The key to acquiring physical prowess is making sure to train and become proficient with movements, as well as being able to resist movement at the right time as well. A well designed training plan can incorporate both of these scenarios and for the sake of today’s article it can be done with something as simple as a medicine ball.
So I’ve been a bit slow in getting this out, but it’s only because I’ve been slammed on both the training front and responding to huge email and social media inquiries regarding this book. If you’re just now tuning in and aren’t familiar with what I’m talking about I’ll catch you up to speed. Two weeks ago I was fortunate to be a part a huge project by becoming a contributing author to my friend Matt Bacak’s book Everyday Heroes 2.
Today I think it’s worth examining what quality traits to look for in various coaches and trainers. After all, in today’s fitness arena we’re bombarded with readily available information and resources at the click of a button and many people put a great deal of faith in these online coaches and training resources simply because of their notoriety. So with that being said what do we look for in a quality coach? Read on my young Jedi to explore this question a bit further.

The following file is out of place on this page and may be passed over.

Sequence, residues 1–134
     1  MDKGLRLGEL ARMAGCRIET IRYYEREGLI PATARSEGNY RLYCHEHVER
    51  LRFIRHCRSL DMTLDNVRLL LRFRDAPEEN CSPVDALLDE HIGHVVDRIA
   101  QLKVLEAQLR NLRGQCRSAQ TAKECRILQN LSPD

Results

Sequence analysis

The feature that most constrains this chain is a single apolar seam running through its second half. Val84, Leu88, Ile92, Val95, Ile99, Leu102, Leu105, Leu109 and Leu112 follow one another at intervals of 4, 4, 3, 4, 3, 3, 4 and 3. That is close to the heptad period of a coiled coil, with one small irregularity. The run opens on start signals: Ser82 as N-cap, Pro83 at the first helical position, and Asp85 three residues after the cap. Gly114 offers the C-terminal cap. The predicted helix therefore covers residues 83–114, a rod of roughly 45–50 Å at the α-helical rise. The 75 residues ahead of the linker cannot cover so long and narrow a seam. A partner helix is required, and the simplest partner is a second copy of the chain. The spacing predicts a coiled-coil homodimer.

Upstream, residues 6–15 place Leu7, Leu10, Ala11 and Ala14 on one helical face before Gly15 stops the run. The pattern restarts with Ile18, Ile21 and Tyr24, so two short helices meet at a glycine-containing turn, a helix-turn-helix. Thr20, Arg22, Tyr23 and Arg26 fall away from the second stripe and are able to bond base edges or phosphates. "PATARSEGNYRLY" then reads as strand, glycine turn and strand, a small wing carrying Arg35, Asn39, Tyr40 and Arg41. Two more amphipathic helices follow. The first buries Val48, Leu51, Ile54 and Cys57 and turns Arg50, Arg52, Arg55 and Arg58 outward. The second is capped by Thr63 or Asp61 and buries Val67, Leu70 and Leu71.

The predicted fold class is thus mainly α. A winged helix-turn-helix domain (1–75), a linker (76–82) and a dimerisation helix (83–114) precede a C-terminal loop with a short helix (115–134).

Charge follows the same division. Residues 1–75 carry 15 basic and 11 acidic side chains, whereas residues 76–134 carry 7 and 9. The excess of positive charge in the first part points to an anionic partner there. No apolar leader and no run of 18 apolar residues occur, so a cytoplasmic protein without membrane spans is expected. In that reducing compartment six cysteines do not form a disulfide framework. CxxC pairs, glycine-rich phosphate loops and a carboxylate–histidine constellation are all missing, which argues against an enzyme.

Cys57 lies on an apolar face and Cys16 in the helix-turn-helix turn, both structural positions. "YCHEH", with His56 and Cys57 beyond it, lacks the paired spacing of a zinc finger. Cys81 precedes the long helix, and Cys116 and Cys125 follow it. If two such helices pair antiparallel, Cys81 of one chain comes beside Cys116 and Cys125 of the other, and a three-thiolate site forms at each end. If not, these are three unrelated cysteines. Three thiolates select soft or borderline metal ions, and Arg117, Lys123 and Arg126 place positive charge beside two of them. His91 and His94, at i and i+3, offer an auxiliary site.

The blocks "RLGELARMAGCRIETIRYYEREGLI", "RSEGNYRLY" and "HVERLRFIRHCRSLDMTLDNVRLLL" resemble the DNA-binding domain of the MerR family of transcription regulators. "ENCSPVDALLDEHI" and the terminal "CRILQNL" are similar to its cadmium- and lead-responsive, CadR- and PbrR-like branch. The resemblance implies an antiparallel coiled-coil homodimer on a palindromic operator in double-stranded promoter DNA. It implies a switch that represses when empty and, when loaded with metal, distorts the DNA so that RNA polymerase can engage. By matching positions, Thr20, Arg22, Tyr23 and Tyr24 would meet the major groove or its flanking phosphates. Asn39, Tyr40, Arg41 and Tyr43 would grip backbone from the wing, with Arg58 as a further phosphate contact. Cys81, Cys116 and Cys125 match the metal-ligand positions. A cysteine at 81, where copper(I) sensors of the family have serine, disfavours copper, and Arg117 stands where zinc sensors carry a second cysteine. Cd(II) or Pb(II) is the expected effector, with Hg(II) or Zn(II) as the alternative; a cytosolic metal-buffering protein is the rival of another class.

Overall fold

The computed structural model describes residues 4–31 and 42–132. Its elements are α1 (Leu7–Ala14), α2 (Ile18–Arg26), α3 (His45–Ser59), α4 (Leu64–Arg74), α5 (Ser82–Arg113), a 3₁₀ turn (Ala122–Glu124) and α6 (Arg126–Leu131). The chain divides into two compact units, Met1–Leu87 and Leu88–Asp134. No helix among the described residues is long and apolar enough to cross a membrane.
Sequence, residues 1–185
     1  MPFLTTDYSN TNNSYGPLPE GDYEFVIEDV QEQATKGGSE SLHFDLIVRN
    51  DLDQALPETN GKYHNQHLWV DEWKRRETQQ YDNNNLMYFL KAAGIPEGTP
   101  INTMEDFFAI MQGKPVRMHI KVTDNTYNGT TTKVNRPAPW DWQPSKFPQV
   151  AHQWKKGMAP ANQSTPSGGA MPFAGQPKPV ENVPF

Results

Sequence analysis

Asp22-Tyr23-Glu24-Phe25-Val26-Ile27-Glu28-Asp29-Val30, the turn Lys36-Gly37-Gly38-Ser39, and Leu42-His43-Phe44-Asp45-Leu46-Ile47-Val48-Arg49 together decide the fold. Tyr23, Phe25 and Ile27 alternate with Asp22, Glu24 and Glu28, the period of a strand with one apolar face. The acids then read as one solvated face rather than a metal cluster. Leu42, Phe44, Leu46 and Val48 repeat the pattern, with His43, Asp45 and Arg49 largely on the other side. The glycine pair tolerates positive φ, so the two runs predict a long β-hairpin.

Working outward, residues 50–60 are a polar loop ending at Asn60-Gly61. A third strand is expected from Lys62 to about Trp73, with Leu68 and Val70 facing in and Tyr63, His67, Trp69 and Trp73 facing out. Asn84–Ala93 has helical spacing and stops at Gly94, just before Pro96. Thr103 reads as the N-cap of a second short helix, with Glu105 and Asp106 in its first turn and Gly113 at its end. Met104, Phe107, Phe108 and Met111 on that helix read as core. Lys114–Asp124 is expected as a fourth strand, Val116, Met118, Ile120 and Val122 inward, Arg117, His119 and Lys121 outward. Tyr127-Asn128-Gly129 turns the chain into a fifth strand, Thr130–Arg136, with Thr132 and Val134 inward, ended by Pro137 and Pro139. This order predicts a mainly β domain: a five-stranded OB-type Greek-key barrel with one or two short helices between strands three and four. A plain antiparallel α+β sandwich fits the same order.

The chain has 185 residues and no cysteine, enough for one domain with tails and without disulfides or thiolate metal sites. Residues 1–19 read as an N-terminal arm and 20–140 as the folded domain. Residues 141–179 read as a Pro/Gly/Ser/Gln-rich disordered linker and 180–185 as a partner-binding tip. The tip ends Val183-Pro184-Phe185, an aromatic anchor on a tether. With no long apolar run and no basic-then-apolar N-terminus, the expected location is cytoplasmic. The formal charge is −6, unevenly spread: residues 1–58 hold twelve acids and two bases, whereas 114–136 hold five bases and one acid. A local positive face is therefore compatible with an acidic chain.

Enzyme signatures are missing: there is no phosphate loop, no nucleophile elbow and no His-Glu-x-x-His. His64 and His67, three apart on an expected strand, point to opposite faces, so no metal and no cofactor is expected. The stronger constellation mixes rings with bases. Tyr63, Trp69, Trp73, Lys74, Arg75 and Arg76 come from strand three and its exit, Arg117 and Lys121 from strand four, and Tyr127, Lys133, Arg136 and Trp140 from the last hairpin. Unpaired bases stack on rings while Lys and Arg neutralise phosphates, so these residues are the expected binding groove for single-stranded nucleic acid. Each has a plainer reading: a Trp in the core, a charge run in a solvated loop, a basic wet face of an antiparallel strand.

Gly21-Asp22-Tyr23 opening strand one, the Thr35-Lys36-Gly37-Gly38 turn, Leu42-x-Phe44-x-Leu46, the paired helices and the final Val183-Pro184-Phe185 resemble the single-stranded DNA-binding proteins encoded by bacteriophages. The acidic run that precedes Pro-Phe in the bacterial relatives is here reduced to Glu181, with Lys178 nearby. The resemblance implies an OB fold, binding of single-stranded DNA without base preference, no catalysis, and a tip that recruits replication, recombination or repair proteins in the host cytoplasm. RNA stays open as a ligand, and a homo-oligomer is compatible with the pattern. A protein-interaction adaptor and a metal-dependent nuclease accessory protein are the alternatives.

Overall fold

Regret kills the spirit. It’s like the old saying goes we will regret the things we don’t do more than the things we do. Sure you can make the argument that bad decisions in your life were decisions that you had rather not made, but had you never made them you would never learn, you would never understand correct alternatives, and you wouldn’t be able to advance in your life anywhere forward than your current standing.
You see regret is something that seeds in quietly and doesn’t rear its ugly head until you reach a point in your life where life reveals to you the realization that the opportunity that you walked away from was the biggest mistake of all. You can’t avoid it, it’s life.
The key to a quality strength program is being able to utilize what tools and resources you have at your disposal. This can range from equipment to knowledge, but regardless of the tools the principles of acquiring an optimal level of strength and mobility should be based on incorporating movements to benefit your body’s overall function. After all, form always follows function. Now buckle your chinstrap and get to work with these killer drills.